Monday, 15 August 2011

U.S. Postal Service Poised for Massive Cuts

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The U.S. Postal Service (USPS), which has been cited for decades as a case study in government inefficiency, waste, and top-heavy bureaucracy, has announced that it will make deep cuts to its staffing, as well as overhaul the generous benefits package it provides to employees. According to the Federal Times, the USPS will cut 120,000 workers — about a third of its work force — by 2015. In addition, the government agency is seeking to set up its own health benefits plan for postal workers, as well as eliminate pensions for new employees.

“The Postal Service is essentially bankrupt and will run out of cash next month, which is forcing it to take drastic steps to cut costs,” reported the Federal Times. In a draft document of the plan, one USPS official waxed candid about the agency’s dire financial state, noting: “If we were a private company, we already would have filed for bankruptcy and gone through restructuring — much like major automakers did two years ago.”

USPS officials said that attrition will eliminate at least 100,000 workers, but additional layoffs will be required to reduce the workforce to the target staffing number of 425,000. Because union collective bargaining agreements have prevented layoffs for decades, the USPS said it will be forced to turn to Congress for a legislative mandate to slash its workforce.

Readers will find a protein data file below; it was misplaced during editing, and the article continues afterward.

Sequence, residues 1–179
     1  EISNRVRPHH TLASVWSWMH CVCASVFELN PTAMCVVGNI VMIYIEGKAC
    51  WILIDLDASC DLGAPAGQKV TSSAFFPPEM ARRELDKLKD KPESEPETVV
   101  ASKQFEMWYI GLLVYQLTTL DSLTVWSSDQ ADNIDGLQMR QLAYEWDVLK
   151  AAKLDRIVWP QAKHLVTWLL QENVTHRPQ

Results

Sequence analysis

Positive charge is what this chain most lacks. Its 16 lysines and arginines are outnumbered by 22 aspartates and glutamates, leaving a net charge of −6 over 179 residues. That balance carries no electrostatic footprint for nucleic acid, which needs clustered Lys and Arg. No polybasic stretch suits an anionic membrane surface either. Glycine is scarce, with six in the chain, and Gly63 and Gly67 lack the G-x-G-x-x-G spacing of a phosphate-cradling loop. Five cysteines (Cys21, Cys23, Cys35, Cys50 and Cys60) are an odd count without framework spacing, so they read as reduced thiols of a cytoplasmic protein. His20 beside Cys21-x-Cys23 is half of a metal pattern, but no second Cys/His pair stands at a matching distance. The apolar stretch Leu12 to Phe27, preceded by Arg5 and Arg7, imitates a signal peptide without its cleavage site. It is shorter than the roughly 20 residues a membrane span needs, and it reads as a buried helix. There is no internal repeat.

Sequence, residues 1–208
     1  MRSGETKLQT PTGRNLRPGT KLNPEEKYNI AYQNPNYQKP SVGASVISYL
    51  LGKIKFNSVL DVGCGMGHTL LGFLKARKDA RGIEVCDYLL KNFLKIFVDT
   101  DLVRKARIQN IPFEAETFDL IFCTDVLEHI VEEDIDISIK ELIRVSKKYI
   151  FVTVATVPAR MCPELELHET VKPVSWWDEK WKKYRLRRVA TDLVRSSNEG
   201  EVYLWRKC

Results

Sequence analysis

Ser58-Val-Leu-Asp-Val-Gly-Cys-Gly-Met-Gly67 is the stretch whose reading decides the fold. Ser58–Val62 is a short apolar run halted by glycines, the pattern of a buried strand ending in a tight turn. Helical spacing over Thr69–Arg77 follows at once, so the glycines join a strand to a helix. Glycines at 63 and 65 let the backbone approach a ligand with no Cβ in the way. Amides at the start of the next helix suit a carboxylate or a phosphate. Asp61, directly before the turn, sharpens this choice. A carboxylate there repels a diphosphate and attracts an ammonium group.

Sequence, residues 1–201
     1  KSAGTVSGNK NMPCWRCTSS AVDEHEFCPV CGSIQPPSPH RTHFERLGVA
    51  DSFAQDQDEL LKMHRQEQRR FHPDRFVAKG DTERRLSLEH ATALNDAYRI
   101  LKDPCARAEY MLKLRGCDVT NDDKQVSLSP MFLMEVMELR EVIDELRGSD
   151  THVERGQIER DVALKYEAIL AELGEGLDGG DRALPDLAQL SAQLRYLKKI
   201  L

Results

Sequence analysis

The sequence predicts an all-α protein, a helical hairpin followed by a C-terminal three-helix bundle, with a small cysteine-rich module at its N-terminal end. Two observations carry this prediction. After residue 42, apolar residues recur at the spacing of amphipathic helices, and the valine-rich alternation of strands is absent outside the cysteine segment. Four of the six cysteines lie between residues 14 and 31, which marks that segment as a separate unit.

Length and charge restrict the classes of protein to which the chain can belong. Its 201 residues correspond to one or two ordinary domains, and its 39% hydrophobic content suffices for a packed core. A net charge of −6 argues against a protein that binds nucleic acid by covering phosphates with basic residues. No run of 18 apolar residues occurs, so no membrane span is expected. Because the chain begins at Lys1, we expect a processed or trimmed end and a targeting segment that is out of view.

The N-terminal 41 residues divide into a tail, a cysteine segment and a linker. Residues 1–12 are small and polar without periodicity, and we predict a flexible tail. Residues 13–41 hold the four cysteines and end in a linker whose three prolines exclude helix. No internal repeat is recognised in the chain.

In a statement, Fredric Rolando, president of the National Association of Letter Carriers, fired an opening salvo in the union’s battle to protect its turf, noting that Congress “does not engage in contract negotiations with unions and we do not believe they are about to do so. Contract negotiations for NALC open Thursday, Aug. 18. USPS is free to bring these issues to the table. If they do so, we will bargain in good faith.”

Similarly, Cliff Guffey, president of the American Postal Workers Union, promised to “vehemently oppose” any change to the postal workers’ contract. “Crushing postal workers and slashing service will not solve the Postal Service’s financial crisis,” Guffey argued. “Postal employees are not the cause of the crisis.”

David Partenheimer, a USPS spokesman, attempted to place responsibility for change in the hands of lawmakers, saying in a statement that the plan, “as explained by the postmaster general, is to act on what is within the Postal Service’s control because we can’t change what’s in Congress’s control. Everything is on the table, and Congress has not provided solutions to give the Postal Service a sustainable business model. If we put options and proposals out there, it’s at least a starting point rather than waiting for Congress to come up with proposals.”

At least one industry group that relies on the USPS applauded the planned cuts. As reported by the Federal Times, “the Coalition for a 21st Century Postal Service, a lobbying group of leading private-sector mailers that advocates for streamlining postal operations, said it is encouraged to see the Postal Service aggressively confronting its problems.”